The knowledge mapping tool is available here. Detailed instructions are available within the tool itself. The data in the sheet reflects that used in the illustrative example documented in the companion paper. The data is intended to be removed and replaced with end users data in support of their own KM efforts.

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China: Registration of raw materials entering the composition or presentation of biopharmaceuticals

China: Registration of raw materials entering the composition or presentation of biopharmaceuticals

Since 2017, it has been mandatory for suppliers of APIs, excipients and packaging materials to register their material in China on the DMF registration platform. While many agencies ask for details of a component’s quality and its impact on products, the Chinese requirements for ‘high risk’ materials, such as those used in biopharmaceuticals, also ask for historical information that is typically proprietary which many suppliers are reluctant to share. This paper summarizes the requirements for raw materials in other ICH countries and compares these to the Chinese approach. The paper also lists all of the details needed for the Chinese registration of biopharmaceutical products’ raw materials in a single place, to help suppliers register their products into this vast market.

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Product changeovers (PCO): Biopharmaceutical industry position on European Medicines Agency (EMA) guidance and expectations at product changeovers

Product changeovers (PCO): Biopharmaceutical industry position on European Medicines Agency (EMA) guidance and expectations at product changeovers

The EMA guidance, ‘Guideline on setting health-based exposure limits for use in risk identification in the manufacture of different medicinal products in shared facilities’ goes against current best practice for product changeovers (PCO) in the biomanufacturing industry, This paper is a response that sets out the currently accepted practices and controls in an evidence-based justification to help companies validate and continue working towards their implementation. The paper promotes: limited or no sampling at PCO, supported by cleaning validation, the use of alternative methods for calculating limits, eliminating the need for a health based exposure limit (HBEL) calculation, the necessary use of additional programs (e.g. eye-sight testing) and the generation of a robust risk assessment that align with industry practices.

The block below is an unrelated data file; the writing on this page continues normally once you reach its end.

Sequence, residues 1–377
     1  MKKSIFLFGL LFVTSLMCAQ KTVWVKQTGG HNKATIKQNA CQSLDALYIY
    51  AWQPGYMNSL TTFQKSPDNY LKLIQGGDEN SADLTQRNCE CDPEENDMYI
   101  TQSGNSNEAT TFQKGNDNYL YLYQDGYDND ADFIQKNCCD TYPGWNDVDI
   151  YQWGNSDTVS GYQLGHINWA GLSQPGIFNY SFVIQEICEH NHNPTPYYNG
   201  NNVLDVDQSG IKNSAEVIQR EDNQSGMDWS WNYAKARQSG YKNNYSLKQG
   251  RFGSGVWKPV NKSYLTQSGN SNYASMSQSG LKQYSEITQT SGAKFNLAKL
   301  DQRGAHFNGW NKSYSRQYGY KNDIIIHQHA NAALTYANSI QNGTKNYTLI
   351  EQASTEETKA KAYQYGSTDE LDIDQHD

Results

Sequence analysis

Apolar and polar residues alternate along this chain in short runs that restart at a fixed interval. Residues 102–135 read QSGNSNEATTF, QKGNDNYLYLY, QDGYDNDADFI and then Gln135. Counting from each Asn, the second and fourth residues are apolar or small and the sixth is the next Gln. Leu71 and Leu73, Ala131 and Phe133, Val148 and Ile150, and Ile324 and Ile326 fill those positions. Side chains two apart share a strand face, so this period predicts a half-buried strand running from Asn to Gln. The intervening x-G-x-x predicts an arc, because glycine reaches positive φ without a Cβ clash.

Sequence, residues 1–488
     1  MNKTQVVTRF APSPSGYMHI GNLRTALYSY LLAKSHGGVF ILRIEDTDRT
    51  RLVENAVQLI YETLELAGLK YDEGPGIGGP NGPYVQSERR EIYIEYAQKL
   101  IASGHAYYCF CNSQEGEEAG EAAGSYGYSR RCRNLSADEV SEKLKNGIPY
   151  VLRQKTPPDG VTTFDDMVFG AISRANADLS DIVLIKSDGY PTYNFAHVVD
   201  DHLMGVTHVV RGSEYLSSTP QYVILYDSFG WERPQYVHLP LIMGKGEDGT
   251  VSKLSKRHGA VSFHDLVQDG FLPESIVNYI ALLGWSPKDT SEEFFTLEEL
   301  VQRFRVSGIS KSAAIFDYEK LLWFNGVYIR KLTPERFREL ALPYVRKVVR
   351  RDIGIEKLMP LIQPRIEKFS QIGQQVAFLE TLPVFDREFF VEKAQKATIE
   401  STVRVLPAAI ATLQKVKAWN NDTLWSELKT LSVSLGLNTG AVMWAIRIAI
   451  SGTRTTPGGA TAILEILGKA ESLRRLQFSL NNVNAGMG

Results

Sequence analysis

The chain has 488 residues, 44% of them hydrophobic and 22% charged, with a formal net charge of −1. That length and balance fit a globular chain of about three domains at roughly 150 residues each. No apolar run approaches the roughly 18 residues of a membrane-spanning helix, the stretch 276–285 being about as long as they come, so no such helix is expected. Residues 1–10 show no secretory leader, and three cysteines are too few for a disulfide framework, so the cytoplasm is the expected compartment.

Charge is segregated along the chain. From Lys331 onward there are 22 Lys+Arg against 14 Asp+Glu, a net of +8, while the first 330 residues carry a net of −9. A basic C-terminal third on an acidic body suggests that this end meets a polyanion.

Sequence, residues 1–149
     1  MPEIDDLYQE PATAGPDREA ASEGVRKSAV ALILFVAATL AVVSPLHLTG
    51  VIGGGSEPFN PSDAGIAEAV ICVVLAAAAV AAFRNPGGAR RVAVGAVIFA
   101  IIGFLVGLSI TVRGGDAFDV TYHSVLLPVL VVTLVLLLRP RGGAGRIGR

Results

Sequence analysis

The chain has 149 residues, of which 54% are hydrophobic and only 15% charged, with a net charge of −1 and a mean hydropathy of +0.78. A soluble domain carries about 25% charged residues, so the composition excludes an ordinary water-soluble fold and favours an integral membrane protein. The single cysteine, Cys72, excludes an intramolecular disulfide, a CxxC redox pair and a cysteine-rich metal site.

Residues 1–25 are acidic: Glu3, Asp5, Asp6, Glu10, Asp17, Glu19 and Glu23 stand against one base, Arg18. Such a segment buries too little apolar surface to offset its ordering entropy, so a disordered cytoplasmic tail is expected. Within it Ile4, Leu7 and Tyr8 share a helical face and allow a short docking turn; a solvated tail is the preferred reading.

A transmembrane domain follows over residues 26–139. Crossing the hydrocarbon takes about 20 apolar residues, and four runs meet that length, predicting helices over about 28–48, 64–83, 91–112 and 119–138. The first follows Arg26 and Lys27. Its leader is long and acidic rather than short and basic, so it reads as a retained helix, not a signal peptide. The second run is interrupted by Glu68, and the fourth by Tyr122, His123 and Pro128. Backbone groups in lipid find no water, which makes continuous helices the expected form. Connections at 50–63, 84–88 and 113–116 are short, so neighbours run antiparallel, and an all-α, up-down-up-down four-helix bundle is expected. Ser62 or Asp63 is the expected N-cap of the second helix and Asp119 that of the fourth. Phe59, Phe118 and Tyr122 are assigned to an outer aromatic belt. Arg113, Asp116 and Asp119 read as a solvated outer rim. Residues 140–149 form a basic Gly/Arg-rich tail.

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Single-use user requirement (SUUR) toolkit

Single-use user requirement (SUUR) toolkit

Single-use technology is growing fast in the biopharmaceutical industry, but designing new single-use systems involves a long, iterative process between end-user and supplier to ensure quality, regulatory, and technical requirements are met. Wouldn’t it be convenient if all these requirements were captured in a toolkit? BioPhorum and BPSA have created templates aligned with industry standards (i.e. ASTM E3051) which will simplify the single-use design process. The Single-Use User Requirement (SUUR) Template helps end users to communicate process/application details and SU requirements to suppliers, who in return can affirm or describe their capabilities to meet these requirements. The Technical Diligence Templates are pre-populated with end-user requests for detailed information that describes how suppliers may fulfil specific user requirements. Supplier responses allow end users and suppliers to make informed decisions and reduce gaps in understanding. The Supply Chain Template allows end users to request supply chain-related information and gives suppliers with a dedicated document to respond to this request. These templates combine to provide the industry with a set of common user requirements, clarity on criteria for fulfilling these requirements, and a mechanism for transmitting supply chain-related information. Adoption of these templates will yield distinct advantages to both end-users and suppliers in terms of compliance, time, and efficiency. Quality and compliance is improved by documenting and aligning expectations. Further, the tools enable clear and consistent communication, fostering a right-first-time approach to the design of single-use components.

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Modular and mobile: Improving the biomanufacturing facility lifecycle using a standardized, modular design and construction approach

Modular and mobile: Improving the biomanufacturing facility lifecycle using a standardized, modular design and construction approach

Traditionally, biopharmaceutical facilities can take up to three to five years from design through qualification before they are ready for full operation. Such facilities are often product dedicated, requiring significant and costly modification to accommodate additional products once the original product lifecycle has ended. This inherent inflexibility has become a major concern for the industry, especially given the increasing pressure to reduce costs and quicken the speed to market. To address these concerns this paper proposes a standardized design approach around an example facility solution for 2,000L-scale mAb application. The example facility focuses on demonstrating how a modular design approach may be realized using various construction methods – including traditional stick-built, prefabricated and skid assemblies, as well as modular cleanrooms or complete modular building units – without requiring major reconfiguration. At the core of this investigation is the intent to align the biopharmaceutical industry around a common understanding and approach to the design and construction of manufacturing facilities that makes the capital project process more predictable by, reducing schedule durations, improving project cost certainty, increasing facility design repeatability and ensuring greater regulatory compliance.